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8 December 2006
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PEARL HARBOR, Hawaii - One by one, Death sized up the aging survivors from ships sunk 65 years ago Thursday in the Japanese attack on Pearl Harbor, and cackled about finishing the job the Japanese began all those years ago.
"Survivors," Death commented as a dry smile stretched across his skeletal visage. "Temporary, at most. One by one, I shall soon embrace all of those who first avoided my grasp. All of their efforts will amount to nothing. Eventually they shall disappear from all memory, becoming mere areas of light and dark on fading photographs."
Nearly 500 survivors bowed their heads at 7:55 a.m., the minute planes began bombing the harbor in a surprise attack that thrust the United States into World War II.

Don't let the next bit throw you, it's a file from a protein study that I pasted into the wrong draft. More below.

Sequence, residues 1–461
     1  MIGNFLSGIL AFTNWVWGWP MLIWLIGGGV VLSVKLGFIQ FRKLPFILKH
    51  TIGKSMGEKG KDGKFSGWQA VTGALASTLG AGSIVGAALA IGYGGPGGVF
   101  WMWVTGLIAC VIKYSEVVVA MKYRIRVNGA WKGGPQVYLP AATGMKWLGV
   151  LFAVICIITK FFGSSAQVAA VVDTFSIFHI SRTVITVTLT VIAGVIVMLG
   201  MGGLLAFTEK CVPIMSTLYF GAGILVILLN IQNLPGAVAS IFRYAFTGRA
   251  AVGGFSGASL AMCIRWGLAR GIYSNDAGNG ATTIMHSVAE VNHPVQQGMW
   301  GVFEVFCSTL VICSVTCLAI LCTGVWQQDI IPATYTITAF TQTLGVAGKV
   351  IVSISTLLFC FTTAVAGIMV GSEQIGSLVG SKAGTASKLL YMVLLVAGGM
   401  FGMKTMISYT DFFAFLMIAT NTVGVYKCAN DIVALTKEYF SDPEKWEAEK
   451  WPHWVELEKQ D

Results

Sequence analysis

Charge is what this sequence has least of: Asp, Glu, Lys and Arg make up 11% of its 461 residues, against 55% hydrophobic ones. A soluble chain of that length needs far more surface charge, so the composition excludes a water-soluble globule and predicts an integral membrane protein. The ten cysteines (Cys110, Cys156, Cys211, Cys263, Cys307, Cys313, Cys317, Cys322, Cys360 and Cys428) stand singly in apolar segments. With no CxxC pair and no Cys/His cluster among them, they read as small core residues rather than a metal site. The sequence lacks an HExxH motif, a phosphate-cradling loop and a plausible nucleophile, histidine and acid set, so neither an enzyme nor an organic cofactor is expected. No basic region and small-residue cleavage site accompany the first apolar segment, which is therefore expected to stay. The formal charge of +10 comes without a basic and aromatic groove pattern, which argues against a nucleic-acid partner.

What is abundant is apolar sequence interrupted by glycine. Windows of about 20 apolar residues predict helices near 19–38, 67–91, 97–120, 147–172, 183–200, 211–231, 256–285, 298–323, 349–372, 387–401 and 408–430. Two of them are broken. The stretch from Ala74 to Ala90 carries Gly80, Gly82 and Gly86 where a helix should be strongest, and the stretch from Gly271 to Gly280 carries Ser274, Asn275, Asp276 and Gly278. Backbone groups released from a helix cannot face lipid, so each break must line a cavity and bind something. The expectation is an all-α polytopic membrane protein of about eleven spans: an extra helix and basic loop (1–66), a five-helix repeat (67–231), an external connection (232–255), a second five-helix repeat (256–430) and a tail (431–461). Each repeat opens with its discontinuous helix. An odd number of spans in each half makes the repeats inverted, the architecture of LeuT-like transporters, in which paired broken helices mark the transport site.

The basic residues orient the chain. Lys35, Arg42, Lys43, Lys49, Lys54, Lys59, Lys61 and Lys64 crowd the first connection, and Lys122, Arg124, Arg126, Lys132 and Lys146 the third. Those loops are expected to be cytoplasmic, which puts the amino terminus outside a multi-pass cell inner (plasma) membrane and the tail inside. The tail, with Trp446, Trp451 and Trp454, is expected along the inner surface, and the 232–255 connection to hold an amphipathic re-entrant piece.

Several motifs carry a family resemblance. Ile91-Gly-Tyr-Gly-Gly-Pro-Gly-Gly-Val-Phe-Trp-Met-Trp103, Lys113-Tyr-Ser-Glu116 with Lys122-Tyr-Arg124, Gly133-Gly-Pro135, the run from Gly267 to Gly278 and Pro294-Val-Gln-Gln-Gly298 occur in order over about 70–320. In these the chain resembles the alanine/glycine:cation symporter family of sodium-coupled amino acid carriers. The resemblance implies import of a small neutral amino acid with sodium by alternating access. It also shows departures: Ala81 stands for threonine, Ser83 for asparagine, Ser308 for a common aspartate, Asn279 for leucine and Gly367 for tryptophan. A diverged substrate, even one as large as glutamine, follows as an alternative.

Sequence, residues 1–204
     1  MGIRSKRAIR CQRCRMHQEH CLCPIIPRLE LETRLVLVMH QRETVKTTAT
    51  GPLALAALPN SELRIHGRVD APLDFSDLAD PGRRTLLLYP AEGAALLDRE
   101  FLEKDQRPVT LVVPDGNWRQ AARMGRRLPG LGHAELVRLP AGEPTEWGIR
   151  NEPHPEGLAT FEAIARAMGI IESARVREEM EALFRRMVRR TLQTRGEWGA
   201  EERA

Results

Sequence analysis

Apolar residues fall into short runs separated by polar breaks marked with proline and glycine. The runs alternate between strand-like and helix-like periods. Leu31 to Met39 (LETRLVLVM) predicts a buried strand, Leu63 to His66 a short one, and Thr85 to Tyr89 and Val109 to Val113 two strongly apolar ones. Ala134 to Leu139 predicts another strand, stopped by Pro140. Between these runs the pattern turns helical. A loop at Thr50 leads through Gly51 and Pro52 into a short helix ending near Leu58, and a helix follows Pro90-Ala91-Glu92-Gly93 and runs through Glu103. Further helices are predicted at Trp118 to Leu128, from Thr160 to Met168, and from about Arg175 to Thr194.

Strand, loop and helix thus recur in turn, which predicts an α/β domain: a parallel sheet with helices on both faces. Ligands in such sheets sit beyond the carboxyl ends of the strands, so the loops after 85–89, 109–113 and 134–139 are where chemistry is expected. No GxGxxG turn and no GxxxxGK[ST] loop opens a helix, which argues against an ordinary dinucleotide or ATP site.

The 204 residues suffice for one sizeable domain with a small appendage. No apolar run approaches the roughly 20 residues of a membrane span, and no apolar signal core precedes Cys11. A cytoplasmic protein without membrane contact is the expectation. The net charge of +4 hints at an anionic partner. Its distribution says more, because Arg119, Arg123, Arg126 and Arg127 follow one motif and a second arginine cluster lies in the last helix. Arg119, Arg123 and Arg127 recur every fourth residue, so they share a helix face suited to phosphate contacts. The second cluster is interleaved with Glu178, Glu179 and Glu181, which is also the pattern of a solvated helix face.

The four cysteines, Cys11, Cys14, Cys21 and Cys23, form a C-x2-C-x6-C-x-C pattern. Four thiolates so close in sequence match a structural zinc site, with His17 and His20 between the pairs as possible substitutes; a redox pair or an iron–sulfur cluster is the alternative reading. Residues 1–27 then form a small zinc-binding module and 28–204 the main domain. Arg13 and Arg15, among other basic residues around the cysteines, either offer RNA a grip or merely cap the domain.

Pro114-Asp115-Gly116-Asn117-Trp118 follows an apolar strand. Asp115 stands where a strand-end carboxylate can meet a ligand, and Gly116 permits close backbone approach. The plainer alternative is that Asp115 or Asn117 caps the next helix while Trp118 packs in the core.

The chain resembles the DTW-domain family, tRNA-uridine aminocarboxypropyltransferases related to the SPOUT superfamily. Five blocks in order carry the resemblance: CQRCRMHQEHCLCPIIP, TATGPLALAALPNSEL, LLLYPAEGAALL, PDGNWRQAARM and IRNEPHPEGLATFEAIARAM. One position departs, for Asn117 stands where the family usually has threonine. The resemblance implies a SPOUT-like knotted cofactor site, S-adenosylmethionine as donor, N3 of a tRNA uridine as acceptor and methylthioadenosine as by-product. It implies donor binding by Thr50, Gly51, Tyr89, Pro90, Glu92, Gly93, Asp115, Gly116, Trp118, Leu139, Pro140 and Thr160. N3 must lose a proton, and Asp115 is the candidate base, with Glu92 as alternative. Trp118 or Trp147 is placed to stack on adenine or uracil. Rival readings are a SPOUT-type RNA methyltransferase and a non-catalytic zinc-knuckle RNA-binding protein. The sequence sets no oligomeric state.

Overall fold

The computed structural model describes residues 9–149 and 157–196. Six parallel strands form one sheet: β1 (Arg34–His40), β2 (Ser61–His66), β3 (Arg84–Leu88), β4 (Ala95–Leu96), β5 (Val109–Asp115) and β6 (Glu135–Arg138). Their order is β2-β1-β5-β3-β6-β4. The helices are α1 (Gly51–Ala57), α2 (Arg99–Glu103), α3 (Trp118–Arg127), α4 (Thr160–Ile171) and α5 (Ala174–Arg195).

"America in an instant became the land of the indivisible, except of course for the Japs we forced into camps," said former NBC Nightly News anchor Tom Brokaw, vet ass-kisser and the author of "The Greatest Generation," who joined Death at the shoreside ceremonies.
The veterans, most mere haggard, rotting shells of their former selves, were honored with prolonged applause at the solemn ceremony near where some of the ships remain decaying and moss-covered under the harbor's waters, as they shall soon be in their graves.
Many treated the gathering as their last, correct in their assumptions that they would not be alive or healthy enough to travel to Hawaii for the next big memorial ceremony, the 70th anniversary.
A priest gave a Hawaiian blessing and Marines performed a rifle salute. For many it will be their last return to the World War II attack site.
"I am the embodiment of patience," noted Death. "I can wait 70 years, or 700. Weep not, for it is useless. All will be mine in time. All great works and ideas and loves will be proven folly by me."